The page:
It’s time, once again, to play a game that hates you, and takes pride in hating you. Darkest Dungeon II is in Early Access now (on the Epic Game Store for a year before wider release, so on and so forth, you know the deal by now). While the game is in a very early stage of public development — all the judgments and opinions in this piece should be taken with that in mind — it’s in something of a different place than (I at least recall) Darkest Dungeon being when it launched. It has the now-expected aesthetic down pat, and it has the trademark random number generation factor that swings events in each run between annoying and punishing in spades…but it is somewhat too easy, while also being too overdetermined.
We’ll get to what I mean precisely by that in a bit. First, the good things: despite the game moving to 3D, the visual feel of the franchise remains intact and has arguably thrived. Darkest Dungeon II is a game that can’t be in two dimensions thanks to the addition of the stagecoach mechanic (reasonable disagreements can be had with regards to the wisdom of that mechanic itself), and so it had to taken the hand-drawn indie comics look of the first title and translate it into a world with meshes and a lighting engine and so on. This is almost an unqualified success; the animations look great, the lighting doesn’t interfere with the high-contrast, heavy-inks art style, and there’s a charming paper-mache diorama feel to a bunch of the environments as you cruise through them, especially The Sprawl, a biome that represents a burning cobblestoned city.
Wayne June is back as the voice of the narration character, whose identity has changed; rather than being The Ancestor from the first game, he is now styled as The Academic. The difference is, well, you know. There’s hundreds of voice lines of him saying ominous, sobering, or pithy statements; those looking for the comfort of the franchise mainstay will find it, though the writing on his bon mots seems a bit clunkier this time around. Wayne June can deliver the hell out of lines like “Reliable insight brings accurate information, after all,” but as written that still has the personality of an actual survey course syllabus rather than a crazed Lovecraftian professor driven mad by what he’s learned. Still, the man is an institution at this point (if you’ve got 10 favorite streamers, odds are at least two of them have custom subscriber notifications that he’s done as a freelance actor) and it’s good to have him back in the saddle even if they’re going to have to work a little bit harder for the second tranche of Academic ramblings.
There is one massive improvement that Redhook has made to the core mechanical engine of the game: the elimination of the accuracy system, whereby you rolled a die to hit and then rolled a die for damage and every skill had modifiers to both of those things (big swingy attacks had reduced accuracy and increased damage from the ‘norms’ for each class; annoying harrier attacks had improved accuracy and decreased damage, and so on) and the implementation of the token system. By default, when you execute an attack in Darkest Dungeon II you will always hit, and then roll a damage range the game hands you up front, and then roll to apply a debuff or damage-over-time effect if that’s part of the ability. In practice, this can be significantly complicated by the status effect tokens that the enemy has applied to either you or themselves; if you have the Blind token on your character, that’s a 50% chance to miss. If the enemy has a Dodge token, that’s a 50% chance to dodge (if it’s a Dodge+ token, that goes up to 75%). So there can be very strong and stark variance in fights…but you always have the information that those dice rolls are coming ahead of time, and therefore the chance, at least, to demonstrate player skill in defraying, avoiding, or otherwise dealing with the enemy’s defenses.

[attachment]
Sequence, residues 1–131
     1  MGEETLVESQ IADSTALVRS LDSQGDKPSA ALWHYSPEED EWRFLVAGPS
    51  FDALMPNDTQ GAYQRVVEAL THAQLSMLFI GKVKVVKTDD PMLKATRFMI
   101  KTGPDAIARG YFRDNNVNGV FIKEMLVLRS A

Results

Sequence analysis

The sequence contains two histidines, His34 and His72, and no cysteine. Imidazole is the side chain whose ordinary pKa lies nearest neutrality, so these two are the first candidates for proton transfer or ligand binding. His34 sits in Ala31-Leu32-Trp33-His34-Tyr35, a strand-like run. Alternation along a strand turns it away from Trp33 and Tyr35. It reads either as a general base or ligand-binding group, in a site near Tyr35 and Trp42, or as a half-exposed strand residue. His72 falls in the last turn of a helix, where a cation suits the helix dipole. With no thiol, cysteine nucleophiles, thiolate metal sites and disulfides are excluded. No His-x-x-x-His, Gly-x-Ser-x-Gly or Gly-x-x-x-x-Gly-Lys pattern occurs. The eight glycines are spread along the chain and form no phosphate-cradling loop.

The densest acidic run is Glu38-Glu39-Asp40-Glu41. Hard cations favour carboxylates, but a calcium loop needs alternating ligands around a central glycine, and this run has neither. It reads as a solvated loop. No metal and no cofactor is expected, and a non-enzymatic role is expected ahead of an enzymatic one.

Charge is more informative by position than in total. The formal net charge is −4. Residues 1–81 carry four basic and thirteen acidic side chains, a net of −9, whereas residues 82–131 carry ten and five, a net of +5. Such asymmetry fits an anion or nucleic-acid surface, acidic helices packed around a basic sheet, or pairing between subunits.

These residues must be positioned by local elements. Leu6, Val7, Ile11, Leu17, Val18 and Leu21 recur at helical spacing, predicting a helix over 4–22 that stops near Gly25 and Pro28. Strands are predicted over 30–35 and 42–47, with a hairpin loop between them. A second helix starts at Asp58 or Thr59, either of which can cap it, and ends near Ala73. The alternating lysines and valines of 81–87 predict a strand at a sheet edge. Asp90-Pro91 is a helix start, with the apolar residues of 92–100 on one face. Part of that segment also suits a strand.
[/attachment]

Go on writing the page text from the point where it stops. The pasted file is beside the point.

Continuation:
The compulsion to lash the player to the mast of fate and shove the whole project off onto the wild seas of RNG manifests in other parts of the system, though. Darkest Dungeon II is a different sort of roguelite to the first game; rather than a hub town with an assortment of dungeon runs you can perform with a rotating cast, players now have named, unique characters that earn persistent unlocks across runs. Sure, the first Highwayman you got in Darkest Dungeon was a guy named Dismas, but then you could immediately dismiss that guy and recruit three more with names chosen from a table, and then rename those guys, and so on. You can still rename Dismas in Darkest Dungeon II, because Redhook knows that’s how streamers get their tips, but it’s unmistakable that rather than “Dismas” being a shorthand name for the class, the guy in this game is a specific guy, his name is Dismas, and he has a backstory (more on that in a bit). And with the greater focus on the Highwayman being a guy named Dismas and the Plague Doctor being a lady named Paracelsus and so on, there’s a greater focus on their relationships.
That is to say, there’s a brand-new relationship mechanic. Characters can develop positive or negative relationships depending on their stress levels and interacting positive or negative quirks (half the quirks in the game seem to be non-mechanical in the battle system and solely geared towards these interactions), and outside of you the player occasionally getting to make a choice on a location prompt screen about whether to e.g. fight or run, all of this relationship stuff is handled entirely by automated dice-rolls in a black box. You want good relationships; good relationships give you procedurally-activated buffs and extra actions in combat. You want to avoid bad relationships, which do the reverse. But you can’t choose what relationships characters have and, outside of general best practices like “keep team stress as low as possible,” you have absolutely no participation in their development. The GM of Darkest Dungeon II is just going to be spending half your play session rolling relationship dice behind his secret screen and if the dice favor you, they’ll snowball in your favor; if they don’t, you might as well hit the Abandon Run button right now.